I love my job!

I was out of town for a couple of days last week and came home to some lovely mail. These postcards were from children who attended the Speech Pathology Awards presentation.

These children sat patiently through the awards ceremony, then waited some more for the official photographer.

Thank you to the children and to the teachers who support and guide them.

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Some more pics from SCBWI

 Corinne sharing the sugar-hit

Corinne and I easing our way out of frame
 

Apparently I talk with my hands … a lot … hence  this action-hands shot!

We’ve had a grand old time, and Corinne has become a very good friend. Wonder what we’ll do next?

A final SCBWI adventure

On Saturday, Corinne King and I presented at our final SCBWI meeting in our respective roles as ARA (Assistant Regional Adviser) and helper. We’ve been doing this for eight years and we’ve handed over to the ‘new guard’.

Corinne talked about Serendipity – those delightful coincidences that guide our careers. My topic was ‘Highs and Lows’, and I talked about the fluctuating emotions that are so integral to working as a writer.

Our guest speaker was Kate O’Donnell, a wearer of multiple hats, all of them linked to her love of words and books. Was fabulous to hear her journey to here.

We ended with a handover. From here on, Caz Goodwin is our ARA in Victoria. She will be assisted by Chris Bell, Diana Lawrenson, Marjory Gardner and Betty Sargeant.
It’s been both a long and a short time for Corinne and I. We’ve been privileged to meet some amazing people in our roles, and have brought many of them to present at our meetings. We have seen connections made and projects generated. Writing can be a lonely business, and our aim was always to share knowledge and friendship.
We are both looking forward to attending the next meeting and sitting in the audience!

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Mr Pip and Bougainville

Last night, we, and about 140 others sat in a cinema in Carlton and watched ‘Mr Pip‘. ‘Mr Pip’ is based on a book by New Zealander Lloyd Jones about how literature can take you away from the world you live in, to a world only you can know and see.

It’s not a new notion, the idea that each of us experiences what we read differently because of what we bring to it. This showing of ‘Mr Pip’ was organised to support a new library that has been constructed in Bougainville, a small island about 1000 km north east of the Papua New Guinea mainland.

Every one in the audience had a connection with Bougainville. For some it was just that they were jollied there by charismatic organiser, Maggie. For most, though, it was because they had lived and/or worked there at some stage. I spent some of my childhood there and have powerful memories of that time – the people, the landscape, the humidity.  There were Bougainvilleans who had fled or been airlifted off when the fighting made it impossible to stay. There were expatriate workers who worked in the mine that sparked the war. There was a member of the peacekeeping force who had served there during the civil war.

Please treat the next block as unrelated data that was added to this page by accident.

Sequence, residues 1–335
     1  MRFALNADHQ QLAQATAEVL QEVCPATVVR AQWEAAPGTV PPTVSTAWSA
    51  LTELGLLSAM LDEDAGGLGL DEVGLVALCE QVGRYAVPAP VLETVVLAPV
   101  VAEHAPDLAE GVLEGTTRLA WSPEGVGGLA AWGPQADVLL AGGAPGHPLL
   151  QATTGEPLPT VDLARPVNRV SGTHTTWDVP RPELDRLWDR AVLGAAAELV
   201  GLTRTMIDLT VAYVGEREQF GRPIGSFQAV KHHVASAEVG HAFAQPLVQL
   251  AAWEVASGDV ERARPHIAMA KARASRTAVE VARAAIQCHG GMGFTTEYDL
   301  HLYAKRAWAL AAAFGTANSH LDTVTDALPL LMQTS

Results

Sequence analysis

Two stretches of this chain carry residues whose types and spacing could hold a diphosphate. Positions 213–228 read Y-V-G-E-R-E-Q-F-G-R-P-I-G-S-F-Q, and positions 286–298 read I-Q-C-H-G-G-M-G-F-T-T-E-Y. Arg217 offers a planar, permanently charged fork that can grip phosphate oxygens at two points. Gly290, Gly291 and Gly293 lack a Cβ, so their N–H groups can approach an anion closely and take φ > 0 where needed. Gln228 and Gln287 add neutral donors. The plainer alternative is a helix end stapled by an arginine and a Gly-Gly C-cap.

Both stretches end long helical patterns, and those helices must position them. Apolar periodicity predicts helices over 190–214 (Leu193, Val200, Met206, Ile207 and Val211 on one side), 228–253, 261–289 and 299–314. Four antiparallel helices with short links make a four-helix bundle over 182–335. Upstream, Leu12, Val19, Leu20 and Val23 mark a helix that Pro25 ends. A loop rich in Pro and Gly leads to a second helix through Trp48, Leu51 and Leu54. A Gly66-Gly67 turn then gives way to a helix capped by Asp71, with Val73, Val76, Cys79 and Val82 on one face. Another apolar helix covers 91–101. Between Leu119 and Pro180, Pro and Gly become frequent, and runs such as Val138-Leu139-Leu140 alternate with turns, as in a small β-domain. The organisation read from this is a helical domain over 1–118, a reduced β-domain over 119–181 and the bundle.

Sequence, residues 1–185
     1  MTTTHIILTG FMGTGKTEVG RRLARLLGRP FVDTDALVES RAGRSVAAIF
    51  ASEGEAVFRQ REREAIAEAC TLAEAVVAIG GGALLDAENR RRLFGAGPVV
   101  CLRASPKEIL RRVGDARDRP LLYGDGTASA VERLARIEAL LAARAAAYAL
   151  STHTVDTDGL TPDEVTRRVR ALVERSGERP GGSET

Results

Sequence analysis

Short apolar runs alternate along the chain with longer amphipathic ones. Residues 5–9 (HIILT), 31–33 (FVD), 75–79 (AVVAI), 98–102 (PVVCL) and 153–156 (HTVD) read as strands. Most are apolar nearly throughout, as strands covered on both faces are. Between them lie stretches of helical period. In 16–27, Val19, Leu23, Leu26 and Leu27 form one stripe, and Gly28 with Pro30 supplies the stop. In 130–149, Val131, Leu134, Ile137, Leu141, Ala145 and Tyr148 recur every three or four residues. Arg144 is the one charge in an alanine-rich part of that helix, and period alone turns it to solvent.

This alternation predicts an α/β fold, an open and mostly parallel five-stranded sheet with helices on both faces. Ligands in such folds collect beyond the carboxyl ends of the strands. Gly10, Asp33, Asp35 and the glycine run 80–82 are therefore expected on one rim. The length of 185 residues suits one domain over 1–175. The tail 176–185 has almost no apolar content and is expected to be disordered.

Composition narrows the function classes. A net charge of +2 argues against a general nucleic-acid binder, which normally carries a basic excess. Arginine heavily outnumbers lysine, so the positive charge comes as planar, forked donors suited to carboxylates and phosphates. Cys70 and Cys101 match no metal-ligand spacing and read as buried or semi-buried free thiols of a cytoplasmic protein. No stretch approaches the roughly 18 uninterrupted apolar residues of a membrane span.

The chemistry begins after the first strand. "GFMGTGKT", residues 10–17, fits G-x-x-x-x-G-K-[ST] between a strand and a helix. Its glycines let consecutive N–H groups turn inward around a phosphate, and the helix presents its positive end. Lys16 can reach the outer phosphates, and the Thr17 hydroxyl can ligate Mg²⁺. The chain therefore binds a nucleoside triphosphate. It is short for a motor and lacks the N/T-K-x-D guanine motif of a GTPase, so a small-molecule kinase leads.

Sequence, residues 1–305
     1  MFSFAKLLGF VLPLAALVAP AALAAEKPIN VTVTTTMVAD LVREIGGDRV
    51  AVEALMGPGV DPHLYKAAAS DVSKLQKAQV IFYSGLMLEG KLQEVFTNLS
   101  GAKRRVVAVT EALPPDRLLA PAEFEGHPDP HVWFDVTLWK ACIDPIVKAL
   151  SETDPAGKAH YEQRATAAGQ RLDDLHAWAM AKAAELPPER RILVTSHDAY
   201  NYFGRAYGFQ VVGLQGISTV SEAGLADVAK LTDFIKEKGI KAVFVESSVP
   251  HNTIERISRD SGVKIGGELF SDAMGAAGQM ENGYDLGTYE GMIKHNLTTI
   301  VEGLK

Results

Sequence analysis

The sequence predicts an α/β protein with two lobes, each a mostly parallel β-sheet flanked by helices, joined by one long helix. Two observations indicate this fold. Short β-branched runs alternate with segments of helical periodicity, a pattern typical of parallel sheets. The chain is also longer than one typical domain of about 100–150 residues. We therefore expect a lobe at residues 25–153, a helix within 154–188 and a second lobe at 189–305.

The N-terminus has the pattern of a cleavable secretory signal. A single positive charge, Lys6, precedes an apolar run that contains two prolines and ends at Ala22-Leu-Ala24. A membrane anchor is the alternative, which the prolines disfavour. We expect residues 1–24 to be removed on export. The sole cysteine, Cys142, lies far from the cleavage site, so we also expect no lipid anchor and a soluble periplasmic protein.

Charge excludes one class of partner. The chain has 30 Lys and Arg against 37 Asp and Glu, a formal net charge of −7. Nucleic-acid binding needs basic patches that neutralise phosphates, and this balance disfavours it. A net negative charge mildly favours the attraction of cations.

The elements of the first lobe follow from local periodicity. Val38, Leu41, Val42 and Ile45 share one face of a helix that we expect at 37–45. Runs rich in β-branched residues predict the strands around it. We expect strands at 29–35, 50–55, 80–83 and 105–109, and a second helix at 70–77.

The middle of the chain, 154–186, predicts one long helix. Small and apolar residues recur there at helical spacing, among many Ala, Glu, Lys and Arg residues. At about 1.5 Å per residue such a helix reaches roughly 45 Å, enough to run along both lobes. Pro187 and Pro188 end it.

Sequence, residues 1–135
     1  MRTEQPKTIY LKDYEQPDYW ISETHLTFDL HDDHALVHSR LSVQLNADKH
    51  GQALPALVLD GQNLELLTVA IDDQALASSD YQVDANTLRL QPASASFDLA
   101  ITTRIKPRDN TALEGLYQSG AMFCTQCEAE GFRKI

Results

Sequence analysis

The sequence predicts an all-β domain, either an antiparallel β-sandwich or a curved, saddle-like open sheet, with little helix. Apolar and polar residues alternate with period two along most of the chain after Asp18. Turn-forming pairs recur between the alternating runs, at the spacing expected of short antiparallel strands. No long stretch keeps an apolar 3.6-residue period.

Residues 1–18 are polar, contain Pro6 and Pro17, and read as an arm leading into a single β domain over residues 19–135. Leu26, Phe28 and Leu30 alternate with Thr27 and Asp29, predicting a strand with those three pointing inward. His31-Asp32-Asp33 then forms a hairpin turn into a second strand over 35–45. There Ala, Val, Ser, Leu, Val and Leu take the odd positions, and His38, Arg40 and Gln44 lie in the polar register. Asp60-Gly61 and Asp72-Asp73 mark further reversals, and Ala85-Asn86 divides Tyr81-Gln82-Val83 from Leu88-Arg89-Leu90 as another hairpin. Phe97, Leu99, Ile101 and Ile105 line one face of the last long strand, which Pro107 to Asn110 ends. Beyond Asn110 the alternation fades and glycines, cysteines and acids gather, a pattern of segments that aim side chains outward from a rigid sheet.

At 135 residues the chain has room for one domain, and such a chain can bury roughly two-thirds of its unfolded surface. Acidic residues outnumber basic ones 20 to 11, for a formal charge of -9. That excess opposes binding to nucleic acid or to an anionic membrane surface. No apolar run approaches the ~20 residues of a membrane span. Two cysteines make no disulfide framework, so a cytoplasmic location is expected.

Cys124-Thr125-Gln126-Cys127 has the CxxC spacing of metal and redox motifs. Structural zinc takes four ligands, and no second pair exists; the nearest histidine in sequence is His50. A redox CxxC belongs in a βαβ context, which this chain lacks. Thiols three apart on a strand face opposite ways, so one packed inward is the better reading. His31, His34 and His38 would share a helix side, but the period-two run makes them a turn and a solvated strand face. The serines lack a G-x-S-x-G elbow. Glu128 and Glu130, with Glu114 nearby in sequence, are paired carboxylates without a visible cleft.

At least some of us were there because we wanted to revisit a beautiful, challenging place that stayed with us long after we’d left. For others, there was a wish to open the conversation about who was to blame for all the death and heartache. Yet others wanted to talk about how to move forward and construct a meaningful future for a people who have lost so much.

I looked up a few reviews this morning, and many of them struggle to understand what the film is about. Partially I guess, that reflects how little known Bougainville’s challenges are in the wider community. Personally, I loved it. As someone who swam those beaches and rivers, I loved revisiting a childhood home. As a writer, I loved seeing what Matilda’s imagination made of the words of Dickens. It was also important, if not always comfortable, to again see what war does to people – passively and actively.

I hope that ‘Mr Pip’ is seen by many people and that it opens conversations. About the power of novels and films. About beautiful places and people. About war. About those forced to flee their homes and travel overseas to find new ones. About governments and those they govern.

File:Papua New Guinea location map.svg

Bougainville is the almost violin-shaped island to the right in the map above.

Mister PipThis is the novel.

YABBA

… and the winners are …
2013 Award WinnersCongratulations to all the winners! The YABBA Awards are children’s choice book awards for Victoria. Other states have their own versions – WAYBRA, KOALA (go on, work out what the acronym spells) and more. 

Local and interstate authors are invited to attend, and share the fun of meeting students from a wide variety of schools. This year, we gathered at Haileybury in Brighton. Students offered a dramatisation from Andy Griffiths’ Just Macbeth and an interactive song and body percussion performance. I can confirm that the students were much more skilled at the percussion than the assembled authors and illustrators seemed to be.

This year, there was an added poignancy to the event, the first since the death of President and all around larger-than-life character, Graham Davey.

And after the formalities of the Awards, and morning tea, authors and illustrators sat around the auditorium while students gathered signatures and chatted.